But Sometimes a Sweater Happens Like This (Autumn Reis)

Sometimes, you plan a sweater for a long time. You figure out what you need, you buy the yarn, you make the plan, you finish up other projects, and then, at the right time, you cast on.

But sometimes, a sweater happens like this: you see a picture, you get obsessed, you drop everything, and you just start making it.

20141210-090050.jpg

Sometimes, you spend a lot of time and money acquiring the yarn you need for a particular project. You stalk updates for your favorite indie dyer, you make your PayPal cry, you try to be home to intercept yarn deliveries.

But sometimes a sweater happens like this: all the yarn you want is already in your stash, and you are just now realizing it wants needs to be this sweater.

reis 1

Sometimes, you swatch and block, swatch and block, until you get the gauge exactly right. Because you know that with a sweater, this is really important. And you know that, with colorwork, your tension is going to be different than it is with plain knitting. And you know that, when you’re using your precious Plucky Knitter yarn, you really need the project to come out right.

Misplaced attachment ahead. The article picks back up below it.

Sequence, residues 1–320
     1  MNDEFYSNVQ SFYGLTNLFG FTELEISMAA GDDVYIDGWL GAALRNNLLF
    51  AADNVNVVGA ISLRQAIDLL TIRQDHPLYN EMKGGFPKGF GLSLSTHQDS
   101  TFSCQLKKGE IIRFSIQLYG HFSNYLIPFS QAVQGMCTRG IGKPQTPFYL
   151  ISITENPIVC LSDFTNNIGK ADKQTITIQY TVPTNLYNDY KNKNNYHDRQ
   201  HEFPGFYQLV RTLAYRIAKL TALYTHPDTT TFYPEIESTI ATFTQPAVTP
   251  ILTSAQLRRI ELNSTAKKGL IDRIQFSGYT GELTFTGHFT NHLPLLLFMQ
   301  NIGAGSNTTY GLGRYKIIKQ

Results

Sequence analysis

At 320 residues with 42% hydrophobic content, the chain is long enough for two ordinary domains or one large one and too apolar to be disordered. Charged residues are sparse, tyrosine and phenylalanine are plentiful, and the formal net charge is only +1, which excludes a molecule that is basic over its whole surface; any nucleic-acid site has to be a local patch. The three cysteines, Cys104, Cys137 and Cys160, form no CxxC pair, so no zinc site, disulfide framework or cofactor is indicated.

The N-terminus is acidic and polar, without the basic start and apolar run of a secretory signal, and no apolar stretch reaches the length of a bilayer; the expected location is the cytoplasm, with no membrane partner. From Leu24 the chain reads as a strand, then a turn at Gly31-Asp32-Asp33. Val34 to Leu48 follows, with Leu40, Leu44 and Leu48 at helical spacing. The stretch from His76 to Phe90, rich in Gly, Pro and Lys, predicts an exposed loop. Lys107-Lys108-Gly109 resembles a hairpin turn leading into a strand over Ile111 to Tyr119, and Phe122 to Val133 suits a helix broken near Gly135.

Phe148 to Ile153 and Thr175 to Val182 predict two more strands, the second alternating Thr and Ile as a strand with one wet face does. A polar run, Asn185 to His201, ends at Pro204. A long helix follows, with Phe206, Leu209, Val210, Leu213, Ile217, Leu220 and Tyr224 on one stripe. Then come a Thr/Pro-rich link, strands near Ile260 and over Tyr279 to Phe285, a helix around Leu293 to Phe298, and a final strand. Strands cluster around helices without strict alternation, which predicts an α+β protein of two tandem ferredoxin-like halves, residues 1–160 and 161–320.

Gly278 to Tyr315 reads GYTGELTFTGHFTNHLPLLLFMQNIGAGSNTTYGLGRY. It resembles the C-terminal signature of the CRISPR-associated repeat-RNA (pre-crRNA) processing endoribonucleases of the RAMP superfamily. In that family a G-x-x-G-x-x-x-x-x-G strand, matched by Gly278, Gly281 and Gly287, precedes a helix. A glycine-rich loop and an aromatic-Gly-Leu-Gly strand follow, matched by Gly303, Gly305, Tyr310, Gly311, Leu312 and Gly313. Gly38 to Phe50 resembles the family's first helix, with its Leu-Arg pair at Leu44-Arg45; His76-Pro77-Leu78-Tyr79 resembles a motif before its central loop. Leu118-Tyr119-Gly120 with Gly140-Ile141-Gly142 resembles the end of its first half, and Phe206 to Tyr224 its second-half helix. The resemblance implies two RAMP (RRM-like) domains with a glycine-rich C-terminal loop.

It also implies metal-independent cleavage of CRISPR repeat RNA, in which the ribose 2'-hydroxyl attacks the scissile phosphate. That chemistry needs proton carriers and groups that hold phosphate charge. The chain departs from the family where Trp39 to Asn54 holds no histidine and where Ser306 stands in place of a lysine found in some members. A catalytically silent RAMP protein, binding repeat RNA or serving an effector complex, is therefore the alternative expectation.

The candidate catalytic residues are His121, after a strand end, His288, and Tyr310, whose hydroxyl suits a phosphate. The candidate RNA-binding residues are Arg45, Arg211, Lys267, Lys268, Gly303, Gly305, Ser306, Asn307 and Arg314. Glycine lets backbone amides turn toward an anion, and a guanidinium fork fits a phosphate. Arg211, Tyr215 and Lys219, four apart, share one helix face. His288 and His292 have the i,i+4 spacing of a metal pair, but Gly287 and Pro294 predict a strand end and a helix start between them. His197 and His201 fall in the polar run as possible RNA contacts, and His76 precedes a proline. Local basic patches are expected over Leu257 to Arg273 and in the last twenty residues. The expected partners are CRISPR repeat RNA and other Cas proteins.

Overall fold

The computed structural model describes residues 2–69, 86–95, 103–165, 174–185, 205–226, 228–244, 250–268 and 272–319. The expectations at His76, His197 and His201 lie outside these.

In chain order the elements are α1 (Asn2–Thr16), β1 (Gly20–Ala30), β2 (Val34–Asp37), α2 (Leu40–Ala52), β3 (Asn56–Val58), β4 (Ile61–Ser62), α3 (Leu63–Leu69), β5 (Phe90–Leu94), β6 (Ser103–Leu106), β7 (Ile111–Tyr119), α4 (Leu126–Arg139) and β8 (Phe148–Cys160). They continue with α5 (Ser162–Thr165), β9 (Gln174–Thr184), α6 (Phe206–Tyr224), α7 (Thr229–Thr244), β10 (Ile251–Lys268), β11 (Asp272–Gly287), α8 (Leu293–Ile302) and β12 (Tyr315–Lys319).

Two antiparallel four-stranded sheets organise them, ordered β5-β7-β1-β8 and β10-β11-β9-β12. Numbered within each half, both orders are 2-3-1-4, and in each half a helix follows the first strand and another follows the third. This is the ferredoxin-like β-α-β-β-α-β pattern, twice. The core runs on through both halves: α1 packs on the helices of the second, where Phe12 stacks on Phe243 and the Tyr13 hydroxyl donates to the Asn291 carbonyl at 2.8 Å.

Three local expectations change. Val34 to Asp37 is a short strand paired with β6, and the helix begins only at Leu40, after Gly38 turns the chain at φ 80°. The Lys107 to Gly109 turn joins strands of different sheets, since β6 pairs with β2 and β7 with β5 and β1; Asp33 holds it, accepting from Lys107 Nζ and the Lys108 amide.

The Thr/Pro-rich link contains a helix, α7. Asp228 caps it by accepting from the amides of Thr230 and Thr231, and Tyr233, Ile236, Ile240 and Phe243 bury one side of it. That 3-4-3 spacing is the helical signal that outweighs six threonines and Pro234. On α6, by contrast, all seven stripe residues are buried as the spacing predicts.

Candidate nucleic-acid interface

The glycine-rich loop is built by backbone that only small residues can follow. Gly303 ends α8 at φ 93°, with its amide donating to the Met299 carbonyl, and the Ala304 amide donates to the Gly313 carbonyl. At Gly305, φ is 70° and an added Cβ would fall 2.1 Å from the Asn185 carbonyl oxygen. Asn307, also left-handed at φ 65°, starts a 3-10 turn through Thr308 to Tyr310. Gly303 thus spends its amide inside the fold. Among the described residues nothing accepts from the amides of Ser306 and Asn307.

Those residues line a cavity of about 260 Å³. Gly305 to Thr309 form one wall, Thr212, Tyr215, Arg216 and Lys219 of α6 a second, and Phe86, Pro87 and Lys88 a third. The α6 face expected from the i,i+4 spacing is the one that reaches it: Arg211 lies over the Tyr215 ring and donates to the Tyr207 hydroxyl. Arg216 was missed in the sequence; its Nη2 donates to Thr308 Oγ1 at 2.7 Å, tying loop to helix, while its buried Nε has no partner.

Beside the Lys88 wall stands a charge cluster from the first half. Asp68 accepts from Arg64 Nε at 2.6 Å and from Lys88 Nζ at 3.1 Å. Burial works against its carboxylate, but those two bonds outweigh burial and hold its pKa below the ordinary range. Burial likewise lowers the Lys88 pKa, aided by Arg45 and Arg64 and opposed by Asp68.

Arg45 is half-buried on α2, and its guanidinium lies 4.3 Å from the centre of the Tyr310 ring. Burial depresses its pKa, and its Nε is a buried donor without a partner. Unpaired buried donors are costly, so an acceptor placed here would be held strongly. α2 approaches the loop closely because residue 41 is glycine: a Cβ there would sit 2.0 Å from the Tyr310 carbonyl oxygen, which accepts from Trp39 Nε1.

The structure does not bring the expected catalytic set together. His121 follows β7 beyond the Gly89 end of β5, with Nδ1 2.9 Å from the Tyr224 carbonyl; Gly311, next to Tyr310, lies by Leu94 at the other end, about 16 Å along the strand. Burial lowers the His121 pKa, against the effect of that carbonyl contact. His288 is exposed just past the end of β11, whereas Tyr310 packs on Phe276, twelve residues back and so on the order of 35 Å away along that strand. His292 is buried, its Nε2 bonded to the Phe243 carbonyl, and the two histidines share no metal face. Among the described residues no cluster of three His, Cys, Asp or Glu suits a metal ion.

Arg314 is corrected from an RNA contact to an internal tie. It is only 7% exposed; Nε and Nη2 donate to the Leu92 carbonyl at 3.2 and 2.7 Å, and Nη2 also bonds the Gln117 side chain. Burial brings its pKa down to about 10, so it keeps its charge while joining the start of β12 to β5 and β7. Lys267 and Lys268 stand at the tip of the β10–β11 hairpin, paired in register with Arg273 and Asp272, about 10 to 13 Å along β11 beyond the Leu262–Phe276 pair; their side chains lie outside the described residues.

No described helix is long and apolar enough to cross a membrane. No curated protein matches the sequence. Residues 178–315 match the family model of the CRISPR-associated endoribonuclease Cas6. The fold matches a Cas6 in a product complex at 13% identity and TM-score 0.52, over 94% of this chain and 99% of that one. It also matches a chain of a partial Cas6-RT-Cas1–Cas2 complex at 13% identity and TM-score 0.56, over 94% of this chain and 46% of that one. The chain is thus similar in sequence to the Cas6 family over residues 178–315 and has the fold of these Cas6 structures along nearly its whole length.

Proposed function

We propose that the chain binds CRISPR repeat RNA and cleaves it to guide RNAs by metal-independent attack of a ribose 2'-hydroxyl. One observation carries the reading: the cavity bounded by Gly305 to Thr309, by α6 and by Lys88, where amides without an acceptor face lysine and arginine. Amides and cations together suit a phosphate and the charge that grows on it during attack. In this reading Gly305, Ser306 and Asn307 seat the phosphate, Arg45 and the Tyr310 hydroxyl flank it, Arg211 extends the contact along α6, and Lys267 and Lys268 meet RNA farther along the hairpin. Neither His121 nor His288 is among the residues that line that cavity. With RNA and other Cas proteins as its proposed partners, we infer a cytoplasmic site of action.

But sometimes a sweater happens like this: you pseudo-swatch and skip the blocking. Your gauge never once matches the gauge of the pattern. You do some calculations and make your own numbers. You knit by intuition.

20141209-230414.jpg

Sometimes, you knit with confidence, knowing that you’ve chosen the right colors, the right style, and the fit is going to be perfect. You have no worries about how things will turn out, because you’ve laid all the groundwork with your swatting and blocking. You have no concerns about whether the style of the sweater is suitable for you.

But sometimes a sweater happens like this: you second-guess yourself the whole time, you worry that the sweater will grow to an unwearable size in blocking, you aren’t certain that, even if it fits, it will be flattering on you. And then you try it on and you cannot believe how much you love it.

reis 2